‘It was through books that I first realised there were other worlds beyond my own; first imagined what it might be like to be another person,’ wrote novelist Julian Barnes in a recent Guardian essay. It’s an enticing thought that reading fiction might help us escape the straitjacket of our egos and expand our moral [...]
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My new book, THE WONDERBOX: CURIOUS HISTORIES OF HOW TO LIVE (Profile Books), will be in bookshops from December 22 – just in time for a last-minute Christmas stocking filler. It’s about what the last three thousand years of human history can tell us about better living, and explores twelve universal topics, from work and love to [...]
Also posted in climate change, empathy through collaboration, empathy through conversation, empathy through education, empathy through experience, ethics, general, history, nature, philosophy, travel
So you think compassion means being nice to people? Sure, its Latin root literally means ‘to suffer with another’, which is pretty close to the psychological concept of ‘affective empathy’, where you share in or mirror someone else’s emotional state. When I feel your pain or suffering, I may well do something to help you [...]
There is an intriguing thesis at the heart of Steven Pinker’s new book, The Better Angels of Our Nature. The Harvard psychologist argues – contrary to popular opinion – that humankind has become progressively less violent over the past few thousand years. We might feel surrounded by terrorism, civil wars and gun crime today, but [...]
I live around the corner from one of the world’s most remarkable streets, Cowley Road in Oxford. It’s a hive of different cultures – Bangladeshi, Moroccan, Chinese, Ukranian – and has a vibrancy that cannot be found in the cobbled medieval lanes of the city centre. It has even been the subject of a fabulous book, Isolarion: A Different Oxford Journey, by James Attlee, in which the author wanders up Cowley Road philosophising about the sex shops and curry houses. But if there is one thing that makes Colwey Road truly remarkable, it is Alan Human.
Who was the greatest traveller of the Victorian era? Amongst the usual top contenders you will find the name of Sir Richard Francis Burton. Best known for translating The Thousand and One Nights from Arabic and for visiting Mecca in 1853 disguised as a Muslim pilgrim, Burton wandered for years throughout the Middle East, Far East and Africa. He had an extraordinary talent for languages – he could speak twenty-nine of them – and was a master of assimilating himself into local cultures. Just after his death in 1890 he was described as ‘a Mohammedan among Mohammedans, a Mormon among Mormons, a Sufi among the Shazlis, and a Catholic among the Catholics.’
Anybody who reads novels is a secret empathist. Most writers of fiction try to take you on a journey into the minds and lives of their characters, introducing you to worldviews that are not your own, filling your head with the voices of strangers. An instance from the history of empathetic literature is Virginia Woolf’s The Waves (1931), a story told from the perspective of five individuals, with all the dialogue and action being submerged in their thoughts. When we read books like The Waves, we are inevitably drawn to make the imaginative leap that is empathy.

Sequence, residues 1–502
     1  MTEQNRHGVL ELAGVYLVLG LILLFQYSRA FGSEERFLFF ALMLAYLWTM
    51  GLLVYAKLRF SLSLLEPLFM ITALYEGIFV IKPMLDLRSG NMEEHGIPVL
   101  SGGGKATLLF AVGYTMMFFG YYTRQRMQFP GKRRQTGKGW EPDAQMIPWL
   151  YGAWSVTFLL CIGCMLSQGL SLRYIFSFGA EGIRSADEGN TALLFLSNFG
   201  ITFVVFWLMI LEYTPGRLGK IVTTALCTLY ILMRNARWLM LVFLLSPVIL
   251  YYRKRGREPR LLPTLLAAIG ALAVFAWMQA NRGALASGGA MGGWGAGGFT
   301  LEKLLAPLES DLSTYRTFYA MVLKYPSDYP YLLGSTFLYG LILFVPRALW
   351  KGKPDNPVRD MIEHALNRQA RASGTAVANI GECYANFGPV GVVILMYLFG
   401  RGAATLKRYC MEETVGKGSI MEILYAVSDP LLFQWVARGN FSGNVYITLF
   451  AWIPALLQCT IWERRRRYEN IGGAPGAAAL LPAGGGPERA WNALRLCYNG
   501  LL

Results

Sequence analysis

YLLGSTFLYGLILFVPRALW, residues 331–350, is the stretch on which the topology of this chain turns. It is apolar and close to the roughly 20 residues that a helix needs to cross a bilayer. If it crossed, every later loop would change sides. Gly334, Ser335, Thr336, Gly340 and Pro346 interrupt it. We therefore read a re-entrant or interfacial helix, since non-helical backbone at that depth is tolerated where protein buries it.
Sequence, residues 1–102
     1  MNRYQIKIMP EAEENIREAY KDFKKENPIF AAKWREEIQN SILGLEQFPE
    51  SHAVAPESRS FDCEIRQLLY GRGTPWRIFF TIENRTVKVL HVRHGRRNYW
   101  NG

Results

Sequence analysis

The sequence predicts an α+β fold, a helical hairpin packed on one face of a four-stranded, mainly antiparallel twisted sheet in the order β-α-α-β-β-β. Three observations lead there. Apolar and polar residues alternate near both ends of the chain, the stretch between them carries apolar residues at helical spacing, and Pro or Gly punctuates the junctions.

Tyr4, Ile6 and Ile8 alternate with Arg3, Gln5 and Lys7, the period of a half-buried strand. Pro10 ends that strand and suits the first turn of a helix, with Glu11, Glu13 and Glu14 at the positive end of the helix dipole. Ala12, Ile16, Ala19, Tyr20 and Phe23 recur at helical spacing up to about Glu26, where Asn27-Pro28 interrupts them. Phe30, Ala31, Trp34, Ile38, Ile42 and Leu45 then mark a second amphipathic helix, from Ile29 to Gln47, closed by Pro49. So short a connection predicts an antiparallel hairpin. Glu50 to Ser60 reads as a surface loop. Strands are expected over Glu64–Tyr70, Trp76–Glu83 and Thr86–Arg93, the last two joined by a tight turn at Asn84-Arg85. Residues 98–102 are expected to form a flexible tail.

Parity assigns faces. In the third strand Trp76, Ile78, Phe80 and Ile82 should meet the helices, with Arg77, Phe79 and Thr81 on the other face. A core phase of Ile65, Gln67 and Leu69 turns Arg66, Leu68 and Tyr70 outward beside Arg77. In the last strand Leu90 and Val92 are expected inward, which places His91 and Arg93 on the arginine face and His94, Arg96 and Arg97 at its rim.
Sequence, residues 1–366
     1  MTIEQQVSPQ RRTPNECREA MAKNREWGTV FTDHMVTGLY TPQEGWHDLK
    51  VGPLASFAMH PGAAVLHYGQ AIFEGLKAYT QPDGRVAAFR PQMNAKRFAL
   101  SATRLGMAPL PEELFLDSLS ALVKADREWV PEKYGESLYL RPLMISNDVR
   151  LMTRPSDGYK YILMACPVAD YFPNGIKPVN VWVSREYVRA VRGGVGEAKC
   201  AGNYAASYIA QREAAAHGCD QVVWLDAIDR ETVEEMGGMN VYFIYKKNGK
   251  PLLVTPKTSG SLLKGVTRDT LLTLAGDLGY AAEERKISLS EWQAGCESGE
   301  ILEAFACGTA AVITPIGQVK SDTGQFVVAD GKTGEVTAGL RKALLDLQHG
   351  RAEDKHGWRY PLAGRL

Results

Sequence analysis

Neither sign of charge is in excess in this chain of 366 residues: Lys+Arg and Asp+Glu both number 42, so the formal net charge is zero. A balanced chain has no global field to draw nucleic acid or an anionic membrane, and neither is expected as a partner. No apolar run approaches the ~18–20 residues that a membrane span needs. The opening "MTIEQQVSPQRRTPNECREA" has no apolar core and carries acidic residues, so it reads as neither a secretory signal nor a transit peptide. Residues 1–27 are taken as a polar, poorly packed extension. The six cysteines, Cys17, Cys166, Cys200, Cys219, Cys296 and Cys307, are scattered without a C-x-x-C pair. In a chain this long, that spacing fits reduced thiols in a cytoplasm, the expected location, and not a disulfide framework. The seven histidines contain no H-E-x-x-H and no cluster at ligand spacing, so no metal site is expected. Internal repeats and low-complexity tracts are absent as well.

I think novelists, who spend so much time attempting to understand the mental worlds of their protagonists, have a peculiar ability to appreciate the meaning and significance of empathy. One of the best examples of this is an article that Ian McEwan wrote in The Guardian, published just a few days after the September 11 attacks. It is, in effect, a meditation on empathy. ‘Imagining what it is like to be someone other than yourself is at the core of our humanity,’ he writes. ‘It is the essence of compassion, and it is the beginning of morality.‘ Here is the article in full.
One of the greatest challenges of leading an empathetic life is trying to step into the shoes of people who we consider to be ‘enemies’ or whose views and values are very different from our own. If you’re on the receiving end of a racist comment from someone at the pub or a torrent of unfair verbal abuse from your boss, the idea of trying to empathise with them would probably be the last thing on your mind. If you came face to face with the person who had recently burgled your house, could you overcome your anger to see the crime from their perspective, and understand the circumstances that may have driven them to it?
Empathising in such instances might seem like wishful thinking. But consider the case of Jo Berry. In 1984 her father, Conservative MP Sir Anthony Berry, was killed by an IRA bomb at the Party Conference in Brighton. In 1999, one of the IRA members responsible, Pat Magee, was released from prison under the terms of the Good Friday Agreement. Jo’s response was a desire to meet him.
A recent report by Human Rights Watch has highlighted the persecution in Vietnam of followers of the Zen Buddhist monk and peace activist Thich Nhat Hanh. Now in his eighties and author of books that have sold over a million copies, Thich Nhat Hanh is known as one of the founders of ‘engaged Buddhism’, which [...]